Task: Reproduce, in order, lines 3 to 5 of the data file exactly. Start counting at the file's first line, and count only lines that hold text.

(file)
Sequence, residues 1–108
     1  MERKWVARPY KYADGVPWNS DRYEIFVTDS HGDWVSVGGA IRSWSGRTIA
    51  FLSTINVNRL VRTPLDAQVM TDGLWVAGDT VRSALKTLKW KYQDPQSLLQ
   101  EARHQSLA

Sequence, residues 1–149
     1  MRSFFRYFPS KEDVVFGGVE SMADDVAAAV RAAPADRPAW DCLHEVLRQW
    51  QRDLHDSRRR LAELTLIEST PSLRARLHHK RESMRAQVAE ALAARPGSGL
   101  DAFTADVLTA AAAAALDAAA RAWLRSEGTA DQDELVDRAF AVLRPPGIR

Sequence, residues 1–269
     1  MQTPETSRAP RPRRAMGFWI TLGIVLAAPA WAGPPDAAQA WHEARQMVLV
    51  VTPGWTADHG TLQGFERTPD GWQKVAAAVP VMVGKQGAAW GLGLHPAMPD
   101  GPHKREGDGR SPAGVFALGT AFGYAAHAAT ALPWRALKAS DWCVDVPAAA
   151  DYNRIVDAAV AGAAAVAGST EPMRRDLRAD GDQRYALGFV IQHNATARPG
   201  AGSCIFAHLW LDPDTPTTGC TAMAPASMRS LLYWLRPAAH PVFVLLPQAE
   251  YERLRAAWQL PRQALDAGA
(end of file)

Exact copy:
    51  FLSTINVNRL VRTPLDAQVM TDGLWVAGDT VRSALKTLKW KYQDPQSLLQ
   101  EARHQSLA

Sequence, residues 1–149